Thank you, Mr. Chair.
Just as a brief overview, the Canada Europe Roundtable for Business was founded about ten years ago. The reason we were created, with the blessing of the President of the European Commission and the Prime Minister of Canada at the time, was mainly because Canadian companies weren't allowed to participate in the U.S.-EU dialogue.
The purpose was to provide recommendations to government to eliminate impediments to trade and investment. We quickly recognized that you couldn't do those types of things in a silo and that we needed something more comprehensive to reflect where the economic relationship was going. Trade and investment were increasing--and in the case of investment, increasing dramatically--and we felt that the rules that were structuring the relationship between Canada and Europe were not sufficient to meet the challenges of the time, nor would they meet the challenges and the opportunities that would be presented in the future.
In 2006 we turned our attention toward a comprehensive free trade agreement and were supported by about 110 chief executive officers. As I said, we are Canadian and European; we represent the interests of both sides. We have Canadian-headquartered companies and European-headquartered companies in our membership, so we try to take as objective a viewpoint on these negotiations as possible, recognizing that we're of course very supportive of the negotiations.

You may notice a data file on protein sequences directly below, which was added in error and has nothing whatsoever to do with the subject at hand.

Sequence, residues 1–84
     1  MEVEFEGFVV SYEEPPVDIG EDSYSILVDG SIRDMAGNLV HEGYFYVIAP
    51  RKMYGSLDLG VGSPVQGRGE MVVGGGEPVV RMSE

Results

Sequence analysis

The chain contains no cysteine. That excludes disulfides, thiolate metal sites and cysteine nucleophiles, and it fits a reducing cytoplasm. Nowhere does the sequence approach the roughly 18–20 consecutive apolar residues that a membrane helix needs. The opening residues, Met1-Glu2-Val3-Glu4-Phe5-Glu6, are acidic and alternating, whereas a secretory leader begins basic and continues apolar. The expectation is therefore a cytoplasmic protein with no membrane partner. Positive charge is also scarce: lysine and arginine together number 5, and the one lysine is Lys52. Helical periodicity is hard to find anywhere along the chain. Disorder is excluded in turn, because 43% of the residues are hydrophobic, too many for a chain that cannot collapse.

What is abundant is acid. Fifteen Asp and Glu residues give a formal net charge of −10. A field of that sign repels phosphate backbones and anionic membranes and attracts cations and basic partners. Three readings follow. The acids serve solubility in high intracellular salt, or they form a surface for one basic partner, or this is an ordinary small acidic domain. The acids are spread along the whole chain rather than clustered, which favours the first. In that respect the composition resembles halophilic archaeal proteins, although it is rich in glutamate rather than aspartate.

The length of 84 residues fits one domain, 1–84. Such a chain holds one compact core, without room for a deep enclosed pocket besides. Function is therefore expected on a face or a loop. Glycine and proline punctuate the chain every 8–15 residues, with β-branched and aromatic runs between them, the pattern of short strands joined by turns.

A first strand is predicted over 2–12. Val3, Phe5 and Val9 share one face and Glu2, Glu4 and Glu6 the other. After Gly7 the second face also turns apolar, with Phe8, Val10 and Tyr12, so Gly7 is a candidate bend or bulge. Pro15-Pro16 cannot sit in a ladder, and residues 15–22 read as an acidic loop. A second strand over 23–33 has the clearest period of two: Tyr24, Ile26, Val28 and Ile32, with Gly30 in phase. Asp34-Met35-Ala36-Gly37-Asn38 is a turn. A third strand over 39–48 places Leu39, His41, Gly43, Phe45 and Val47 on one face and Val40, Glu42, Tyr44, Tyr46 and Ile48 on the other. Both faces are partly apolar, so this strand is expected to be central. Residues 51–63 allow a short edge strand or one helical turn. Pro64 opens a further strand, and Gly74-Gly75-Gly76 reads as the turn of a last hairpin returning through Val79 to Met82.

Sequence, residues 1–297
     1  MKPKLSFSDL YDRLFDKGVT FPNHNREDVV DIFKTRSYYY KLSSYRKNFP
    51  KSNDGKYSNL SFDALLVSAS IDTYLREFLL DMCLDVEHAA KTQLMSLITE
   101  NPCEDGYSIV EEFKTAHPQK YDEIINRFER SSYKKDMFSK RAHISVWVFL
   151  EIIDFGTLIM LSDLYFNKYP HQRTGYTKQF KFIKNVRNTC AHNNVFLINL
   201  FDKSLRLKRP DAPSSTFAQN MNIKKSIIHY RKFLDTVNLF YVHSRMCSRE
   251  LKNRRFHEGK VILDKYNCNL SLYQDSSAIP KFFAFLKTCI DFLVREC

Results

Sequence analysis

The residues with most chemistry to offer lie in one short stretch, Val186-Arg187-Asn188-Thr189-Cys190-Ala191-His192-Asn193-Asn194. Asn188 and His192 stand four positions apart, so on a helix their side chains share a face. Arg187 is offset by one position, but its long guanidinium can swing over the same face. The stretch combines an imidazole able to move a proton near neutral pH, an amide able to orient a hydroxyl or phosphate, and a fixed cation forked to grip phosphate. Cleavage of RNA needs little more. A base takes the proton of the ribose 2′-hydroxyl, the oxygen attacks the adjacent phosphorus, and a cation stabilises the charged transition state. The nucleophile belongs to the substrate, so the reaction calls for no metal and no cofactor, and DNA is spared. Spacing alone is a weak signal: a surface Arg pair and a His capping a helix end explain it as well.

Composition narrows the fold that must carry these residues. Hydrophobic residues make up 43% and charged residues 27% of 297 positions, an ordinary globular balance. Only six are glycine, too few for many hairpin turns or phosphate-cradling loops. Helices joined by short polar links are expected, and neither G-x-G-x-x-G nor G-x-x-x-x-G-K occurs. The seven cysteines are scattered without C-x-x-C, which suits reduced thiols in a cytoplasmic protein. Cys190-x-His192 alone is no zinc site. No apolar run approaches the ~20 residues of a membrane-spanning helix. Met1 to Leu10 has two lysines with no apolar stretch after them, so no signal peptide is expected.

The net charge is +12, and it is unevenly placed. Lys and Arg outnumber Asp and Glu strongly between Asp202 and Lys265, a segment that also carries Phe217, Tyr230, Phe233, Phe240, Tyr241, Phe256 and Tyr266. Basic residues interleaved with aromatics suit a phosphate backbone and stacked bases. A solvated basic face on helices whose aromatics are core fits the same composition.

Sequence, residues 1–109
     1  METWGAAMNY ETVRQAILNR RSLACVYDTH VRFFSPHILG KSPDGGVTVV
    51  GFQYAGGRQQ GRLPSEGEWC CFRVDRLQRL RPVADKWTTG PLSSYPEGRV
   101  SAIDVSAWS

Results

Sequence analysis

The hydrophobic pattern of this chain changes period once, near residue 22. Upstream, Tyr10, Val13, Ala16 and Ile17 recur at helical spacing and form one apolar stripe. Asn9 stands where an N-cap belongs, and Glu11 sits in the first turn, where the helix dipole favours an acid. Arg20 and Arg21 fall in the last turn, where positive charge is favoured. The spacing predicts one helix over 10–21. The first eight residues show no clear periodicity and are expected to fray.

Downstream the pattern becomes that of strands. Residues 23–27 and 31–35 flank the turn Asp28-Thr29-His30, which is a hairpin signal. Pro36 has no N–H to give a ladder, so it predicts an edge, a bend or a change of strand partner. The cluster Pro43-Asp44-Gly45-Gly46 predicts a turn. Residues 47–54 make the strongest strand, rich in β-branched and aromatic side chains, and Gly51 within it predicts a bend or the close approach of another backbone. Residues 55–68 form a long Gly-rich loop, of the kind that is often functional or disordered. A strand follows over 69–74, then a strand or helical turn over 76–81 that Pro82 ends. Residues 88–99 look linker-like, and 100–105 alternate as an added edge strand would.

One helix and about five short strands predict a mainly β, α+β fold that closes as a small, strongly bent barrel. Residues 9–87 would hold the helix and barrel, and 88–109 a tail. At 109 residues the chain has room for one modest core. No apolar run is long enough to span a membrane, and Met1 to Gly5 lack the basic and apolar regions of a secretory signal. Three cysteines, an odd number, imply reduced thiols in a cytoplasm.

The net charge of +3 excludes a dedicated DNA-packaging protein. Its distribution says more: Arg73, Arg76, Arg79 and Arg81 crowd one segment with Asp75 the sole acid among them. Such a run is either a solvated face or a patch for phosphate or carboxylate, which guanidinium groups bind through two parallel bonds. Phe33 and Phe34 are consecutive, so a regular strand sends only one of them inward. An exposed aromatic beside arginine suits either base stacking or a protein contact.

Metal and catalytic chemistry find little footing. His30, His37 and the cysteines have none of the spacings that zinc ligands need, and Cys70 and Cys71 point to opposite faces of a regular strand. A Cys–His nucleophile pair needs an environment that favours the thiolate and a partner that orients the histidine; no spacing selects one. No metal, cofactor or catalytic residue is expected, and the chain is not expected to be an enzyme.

We see the negotiations being of particular importance, considering the need for a degree of trade and investment diversification away from the United States and NAFTA. I think there is a sense that we've become fairly cozy within the NAFTA relationship, and as the world globalizes and becomes multipolar, if you will, Canada needs to move beyond its traditional trade and investment relationships in the continental realm and internationalize them. And Europe presents an excellent partner in that regard. We overlap our institutions, our approach to business, to trade, to investment, and our approach to the rule of law is roughly equivalent.
It's not to say that in the context of these negotiations there won't be difficulties, but if we are unable to conclude a negotiation with the Europeans--speaking as a Canadian citizen, which I am--we're going to have a hard time convincing any subsequent partners that we're serious about negotiating with them. We feel this is an excellent opportunity to attract further investment and trade into the Canadian marketplace, but also to provide opportunities for our exporters, our service providers, and for the pools of capital that have accumulated in Canada and seek returns. Sometimes it's domestic, but sometimes it's not, and trade agreements are vital for a country such as Canada that relies for over two-thirds of its GDP wealth on export markets and international affairs.
That's where we're coming from. And as I said, we look forward to seeing this agreement concluded in 2011.